When truth replaces prejudice, we’ll start to win the drugs war
The gunslingers of RAAD were in action again at the weekend, opening fire on residents of the Creggan estate in Derry.
It should be explained to readers puzzled that they hadn’t heard of this outbreak of violence that RAAD stands for Republican Action Against Drugs and the phrase ‘against drugs’ confers a certain legitimacy.
Had it been an illegitimate outfit like the Real IRA which unleashed volleys of shots in a built-up area there would have been uproar. MLAs would have been tripping over one another for access to the microphones.
But, insofar as mainstream politicians intervene in debate about drugs, it is to crank up the hysteria on which RAAD and similar gangs depend.
The level of sheer ignorance informing public discussion of drugs was evident in a Radio Foyle interview with Jim Wells a couple of weeks back, in which the DUP man declared that those who argue for decriminalisation of drugs would change their tune if they looked at the disastrous experience of countries where this had already happened. This is the exact opposite of the truth.
Examination of the effect of decriminalisation shows that any negative consequences — and they are few — are hugely outweighed by the benefits.
Portugal opted for full-on decriminalisation nine years ago. Dealing and trafficking remain crimes, but personal possession, or use, of drugs from cannabis to cocaine to heroin, no longer comes within the policing or justice systems, but within the remit of health and education.
The results of a comprehensive analysis of the first five years of this regime were published in the journal Scientific American last year:
“The number of deaths from street-drug overdoses dropped from around 400 to 290 annually and the number of new HIV cases caused by using dirty needles to inject heroin, cocaine and other illegal substances plummeted from nearly 1,400 in 2000 to about 400 in 2006.”
Portuguese health officials say that the move has had no serious negative effects but, on the contrary, has gone a long way towards addressing problems of drug use, prison overcrowding and poor public health. It has not led to an increase in drug addiction.
The journal also concluded that decriminalisation has not — as many of the Wellsian tendency had predicted — made Portugal a magnet for drug-seeking tourists.
The April 2009 issue of the journal which carried the results of the study is readily available on the web.
Perhaps Mr Wells will look it up? Probably not. Neither Jim Wells nor RAAD are likely to let the facts stand in the way of lazy ignorance and crude prejudice. While RAAD was skulking the Creggan looking for unarmed teenagers to terrorise, Tim Hollis, chief constable of Humberside and chairman of the Association of Chief Police Officers' drugs committee, was telling The Observer that he has concluded on the basis of experience that the possession of drugs for personal use should be decriminalised.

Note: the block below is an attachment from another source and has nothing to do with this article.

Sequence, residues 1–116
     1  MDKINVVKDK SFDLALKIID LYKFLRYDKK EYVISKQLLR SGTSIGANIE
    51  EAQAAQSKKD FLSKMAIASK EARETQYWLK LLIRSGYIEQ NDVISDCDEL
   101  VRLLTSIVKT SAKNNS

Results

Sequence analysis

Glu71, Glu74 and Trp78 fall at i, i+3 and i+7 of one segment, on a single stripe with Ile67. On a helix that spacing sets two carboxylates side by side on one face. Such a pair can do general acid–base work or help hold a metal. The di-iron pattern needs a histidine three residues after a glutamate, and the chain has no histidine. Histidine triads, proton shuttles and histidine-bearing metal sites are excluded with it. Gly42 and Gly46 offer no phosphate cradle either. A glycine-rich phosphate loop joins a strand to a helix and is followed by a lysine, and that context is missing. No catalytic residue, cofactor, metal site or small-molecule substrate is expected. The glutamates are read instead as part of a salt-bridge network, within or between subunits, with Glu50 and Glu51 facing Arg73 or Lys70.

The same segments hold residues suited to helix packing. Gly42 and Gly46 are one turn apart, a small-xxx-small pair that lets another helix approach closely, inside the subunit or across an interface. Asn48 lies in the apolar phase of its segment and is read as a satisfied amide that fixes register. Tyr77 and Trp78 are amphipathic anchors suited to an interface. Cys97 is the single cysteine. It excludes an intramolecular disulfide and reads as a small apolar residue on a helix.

He added that a debate was needed about the inclusion of alcohol and nicotine — which between them kill more than 120,000 people-a-year in the UK — in any strategy for dealing with dangerous substances.
“My personal belief, in terms of sheer scale of harm, is that one of the most dangerous drugs in this country is alcohol,” he said.
Last week, too, the man who pioneered early research into the effects of cannabis, Professor Roger Pertwee of the University of Aberdeen, repeated his view that putting cannabis on a par with alcohol as far as the law is concerned would reduce both drug-related crime and the chances of young people being introduced to harder narcotics.
Moreover, all evidence suggests that when you criminalise a drug for which there is a large, profitable market, you don’t eliminate the market or the drug, but merely ensure that the trade will be in the hands of criminal gangs, which will try to protect their profits by any means necessary.
Drawing the apt parallel with prohibition in the US, the Independent’s Johann Hari observed a few weeks ago: “Nobody (nowadays) kills to sell you a glass of Jack Daniels . . . And, after legalisation, nobody would do it to sell you a spliff or a gram of cocaine either.
“They would be in the hands of unarmed, regulated, legal businesses, paying taxes to the state. How many people have to die before we finally make a sober assessment of reality and take the drugs trade back from murderous criminal gangs?”
The chances of plain, evidence-based commonsense like this being accepted by Jim Wells, or RAAD, are as slim as a Rizla.